Pediatric Malignant Pericardial Effusion Treatment & Management

Updated: Jul 03, 2019
  • Author: Poothirikovil Venugopalan, MBBS, MD, FRCPCH; Chief Editor: Syamasundar Rao Patnana, MD  more...
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Approach Considerations

Medical care is dictated mainly by the general condition of the patient and the underlying malignancy. It is important to remember that almost 50% of patients with symptomatic pericardial effusion and neoplastic disease have a nonmalignant cause, such as radiation-related, idiopathic, infectious (including tuberculous and fungal), and lymphatic obstruction.

Transfer pediatric patients with a pericardial effusion to a facility that provides pediatric cardiology and cardiovascular services. If a diagnosis of malignancy is suspected, immediate availability of pediatric oncologists is necessary.

Hemodynamic support is of some value until drainage of pericardial fluid can be accomplished. Pericardiocentesis and intrapericardial sclerosis are effective therapies for malignant pericardial effusions that recur. Intrapericardial administration of drugs (eg, cisplatin) can be important. Anti-inflammatory drugs may be used for viral pericarditis.

No special diet requirements are necessary. Restrict activity only to the limit of intolerance. Further outpatient care is often required to look for evidence of constrictive pericarditis.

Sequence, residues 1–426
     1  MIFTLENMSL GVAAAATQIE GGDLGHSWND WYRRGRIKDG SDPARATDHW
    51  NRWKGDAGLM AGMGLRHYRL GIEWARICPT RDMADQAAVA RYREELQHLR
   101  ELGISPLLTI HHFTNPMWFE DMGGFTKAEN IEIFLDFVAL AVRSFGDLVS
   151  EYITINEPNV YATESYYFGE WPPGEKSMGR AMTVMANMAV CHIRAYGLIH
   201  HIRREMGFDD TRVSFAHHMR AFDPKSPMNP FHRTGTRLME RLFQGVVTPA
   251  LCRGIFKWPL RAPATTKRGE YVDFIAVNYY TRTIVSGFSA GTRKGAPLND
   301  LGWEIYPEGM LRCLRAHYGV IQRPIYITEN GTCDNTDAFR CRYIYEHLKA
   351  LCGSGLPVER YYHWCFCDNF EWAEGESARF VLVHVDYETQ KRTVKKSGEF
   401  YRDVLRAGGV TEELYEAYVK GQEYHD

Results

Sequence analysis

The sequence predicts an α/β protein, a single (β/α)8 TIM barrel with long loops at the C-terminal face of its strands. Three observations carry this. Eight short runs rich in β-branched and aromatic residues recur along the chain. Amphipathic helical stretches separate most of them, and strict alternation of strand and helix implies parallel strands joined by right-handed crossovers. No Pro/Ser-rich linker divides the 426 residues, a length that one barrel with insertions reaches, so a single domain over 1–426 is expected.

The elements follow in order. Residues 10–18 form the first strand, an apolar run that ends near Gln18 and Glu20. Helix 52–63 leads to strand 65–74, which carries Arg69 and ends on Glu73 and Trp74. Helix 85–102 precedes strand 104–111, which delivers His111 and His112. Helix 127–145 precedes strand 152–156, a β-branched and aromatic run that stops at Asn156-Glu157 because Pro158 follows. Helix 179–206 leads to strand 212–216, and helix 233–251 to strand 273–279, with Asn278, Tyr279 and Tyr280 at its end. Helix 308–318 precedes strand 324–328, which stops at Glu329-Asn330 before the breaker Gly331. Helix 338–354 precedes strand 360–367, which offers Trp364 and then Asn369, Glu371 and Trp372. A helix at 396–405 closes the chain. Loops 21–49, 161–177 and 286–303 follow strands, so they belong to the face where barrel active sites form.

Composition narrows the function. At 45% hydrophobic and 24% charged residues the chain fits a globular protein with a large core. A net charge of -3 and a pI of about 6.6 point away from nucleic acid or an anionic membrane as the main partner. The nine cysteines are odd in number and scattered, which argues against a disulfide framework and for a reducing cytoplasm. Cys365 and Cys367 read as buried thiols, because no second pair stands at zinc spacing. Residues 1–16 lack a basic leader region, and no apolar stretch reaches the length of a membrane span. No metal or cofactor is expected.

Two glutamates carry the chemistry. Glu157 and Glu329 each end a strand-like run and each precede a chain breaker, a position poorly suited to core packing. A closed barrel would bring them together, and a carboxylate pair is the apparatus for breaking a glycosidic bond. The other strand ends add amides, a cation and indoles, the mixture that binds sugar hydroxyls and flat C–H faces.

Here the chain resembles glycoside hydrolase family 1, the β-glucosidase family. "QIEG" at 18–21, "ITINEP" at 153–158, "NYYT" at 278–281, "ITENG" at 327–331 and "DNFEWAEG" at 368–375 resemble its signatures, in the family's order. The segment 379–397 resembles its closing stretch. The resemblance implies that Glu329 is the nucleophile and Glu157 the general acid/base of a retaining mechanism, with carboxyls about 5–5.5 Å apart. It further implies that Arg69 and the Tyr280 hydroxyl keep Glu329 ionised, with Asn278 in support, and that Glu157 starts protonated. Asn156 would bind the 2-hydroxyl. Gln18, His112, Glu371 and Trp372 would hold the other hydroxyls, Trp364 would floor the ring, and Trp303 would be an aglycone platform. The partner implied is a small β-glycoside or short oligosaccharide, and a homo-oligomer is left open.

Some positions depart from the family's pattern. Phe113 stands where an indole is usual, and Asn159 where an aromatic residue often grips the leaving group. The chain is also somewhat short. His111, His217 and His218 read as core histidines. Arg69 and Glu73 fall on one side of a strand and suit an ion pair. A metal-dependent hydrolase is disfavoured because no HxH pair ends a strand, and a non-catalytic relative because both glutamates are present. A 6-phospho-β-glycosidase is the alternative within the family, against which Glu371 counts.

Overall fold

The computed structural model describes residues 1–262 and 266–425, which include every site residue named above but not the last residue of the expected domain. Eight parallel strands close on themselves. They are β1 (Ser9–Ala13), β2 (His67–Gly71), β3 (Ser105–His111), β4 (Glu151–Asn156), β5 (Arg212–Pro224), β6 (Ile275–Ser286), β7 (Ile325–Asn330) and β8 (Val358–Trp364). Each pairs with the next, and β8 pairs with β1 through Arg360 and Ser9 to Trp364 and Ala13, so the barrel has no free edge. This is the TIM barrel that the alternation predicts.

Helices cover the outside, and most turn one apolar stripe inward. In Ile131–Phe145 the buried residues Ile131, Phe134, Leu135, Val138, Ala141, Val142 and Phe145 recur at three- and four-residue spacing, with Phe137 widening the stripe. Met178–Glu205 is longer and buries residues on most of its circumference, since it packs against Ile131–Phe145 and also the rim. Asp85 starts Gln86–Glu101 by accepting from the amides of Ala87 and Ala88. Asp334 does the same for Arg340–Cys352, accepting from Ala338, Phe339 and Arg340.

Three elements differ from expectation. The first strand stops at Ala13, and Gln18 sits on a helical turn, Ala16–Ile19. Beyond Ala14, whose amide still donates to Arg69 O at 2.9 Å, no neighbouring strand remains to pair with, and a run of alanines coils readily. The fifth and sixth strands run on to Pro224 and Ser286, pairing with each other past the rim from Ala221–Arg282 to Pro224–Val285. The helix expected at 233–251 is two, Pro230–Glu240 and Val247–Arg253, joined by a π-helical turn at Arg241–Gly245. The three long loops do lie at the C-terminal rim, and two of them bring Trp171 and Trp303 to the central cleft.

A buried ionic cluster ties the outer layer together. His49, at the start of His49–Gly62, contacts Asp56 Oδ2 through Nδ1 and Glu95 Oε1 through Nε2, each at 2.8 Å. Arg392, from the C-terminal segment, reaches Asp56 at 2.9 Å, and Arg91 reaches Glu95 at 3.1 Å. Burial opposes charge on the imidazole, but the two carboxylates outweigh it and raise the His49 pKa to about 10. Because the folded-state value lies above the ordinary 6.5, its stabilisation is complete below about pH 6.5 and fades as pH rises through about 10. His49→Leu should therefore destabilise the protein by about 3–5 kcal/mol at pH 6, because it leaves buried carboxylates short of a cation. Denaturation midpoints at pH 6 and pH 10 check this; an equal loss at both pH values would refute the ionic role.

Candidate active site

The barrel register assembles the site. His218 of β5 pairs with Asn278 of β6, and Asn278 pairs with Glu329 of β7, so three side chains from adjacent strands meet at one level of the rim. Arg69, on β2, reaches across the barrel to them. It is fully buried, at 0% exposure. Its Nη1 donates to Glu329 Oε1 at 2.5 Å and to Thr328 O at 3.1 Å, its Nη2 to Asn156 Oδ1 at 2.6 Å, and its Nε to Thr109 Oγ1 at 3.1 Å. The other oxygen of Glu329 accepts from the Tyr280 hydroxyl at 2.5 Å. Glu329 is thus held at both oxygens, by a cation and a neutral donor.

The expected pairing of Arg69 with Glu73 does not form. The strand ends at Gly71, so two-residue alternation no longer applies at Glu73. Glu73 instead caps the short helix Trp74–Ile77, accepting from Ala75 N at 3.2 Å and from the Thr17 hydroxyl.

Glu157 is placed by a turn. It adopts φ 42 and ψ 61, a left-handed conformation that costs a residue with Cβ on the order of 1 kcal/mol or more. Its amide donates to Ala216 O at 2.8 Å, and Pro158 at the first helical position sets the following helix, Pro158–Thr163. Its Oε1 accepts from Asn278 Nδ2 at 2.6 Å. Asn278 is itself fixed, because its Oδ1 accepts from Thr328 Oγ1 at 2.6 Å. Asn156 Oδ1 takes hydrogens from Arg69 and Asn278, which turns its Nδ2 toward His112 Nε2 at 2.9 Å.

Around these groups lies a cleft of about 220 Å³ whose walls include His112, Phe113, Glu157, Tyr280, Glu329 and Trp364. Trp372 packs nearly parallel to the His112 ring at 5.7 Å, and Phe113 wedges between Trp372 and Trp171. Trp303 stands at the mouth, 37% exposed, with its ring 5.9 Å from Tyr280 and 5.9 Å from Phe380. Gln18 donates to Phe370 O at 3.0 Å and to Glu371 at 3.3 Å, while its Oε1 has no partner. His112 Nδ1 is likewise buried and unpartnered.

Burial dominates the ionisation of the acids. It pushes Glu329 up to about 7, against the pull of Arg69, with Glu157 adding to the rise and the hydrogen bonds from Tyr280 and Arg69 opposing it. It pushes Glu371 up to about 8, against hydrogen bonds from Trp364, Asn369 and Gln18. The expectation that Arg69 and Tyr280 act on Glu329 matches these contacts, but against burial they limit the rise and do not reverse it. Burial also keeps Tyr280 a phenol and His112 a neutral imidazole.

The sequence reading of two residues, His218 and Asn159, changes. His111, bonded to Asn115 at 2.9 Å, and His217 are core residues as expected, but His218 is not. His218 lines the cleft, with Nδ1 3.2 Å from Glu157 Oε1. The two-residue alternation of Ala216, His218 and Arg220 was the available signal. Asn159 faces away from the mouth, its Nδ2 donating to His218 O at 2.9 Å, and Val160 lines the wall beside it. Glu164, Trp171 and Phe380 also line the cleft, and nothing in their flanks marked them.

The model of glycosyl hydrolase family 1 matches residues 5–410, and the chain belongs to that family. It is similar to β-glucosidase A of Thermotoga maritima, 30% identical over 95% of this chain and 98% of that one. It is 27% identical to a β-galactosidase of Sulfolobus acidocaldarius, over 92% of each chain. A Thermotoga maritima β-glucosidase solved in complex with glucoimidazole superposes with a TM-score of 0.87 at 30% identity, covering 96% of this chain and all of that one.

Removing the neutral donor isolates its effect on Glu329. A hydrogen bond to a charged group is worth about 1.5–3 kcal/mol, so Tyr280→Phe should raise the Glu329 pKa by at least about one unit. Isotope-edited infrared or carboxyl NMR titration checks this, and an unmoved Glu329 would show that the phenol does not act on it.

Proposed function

Pericardial Drainage

In addition to its diagnostic role (see Workup), pericardial drainage is used to treat hemodynamic compromise in the presence of cardiac tamponade.

The safety and effectiveness of surgical drainage of pericardial fluid via pericardiectomy (complete or partial) or the creation of a pericardial window are well recognized. This procedure removes fluid that is excessively thick. Perform open surgical drainage if purulent pericarditis is present. Obtain biopsy specimens from the pericardium and the epicardium.

Total pericardiectomy may be required, especially in the presence of a thickened pericardium that has a constricting effect. Thoracotomy may be required to arrive at a complete diagnosis.

Pericardioamniotic shunting has been tried in fetal malignant pericardial effusion, with variable success. [9]



The following consultations may be helpful:

  • Pediatrician

  • Pediatric cardiologist

  • Pediatric oncologist

  • Radiologist

  • Nuclear medicine specialist

  • Cardiothoracic surgeon

  • Physiotherapist

  • Occupational therapist

  • Specialist nurse

  • Family physician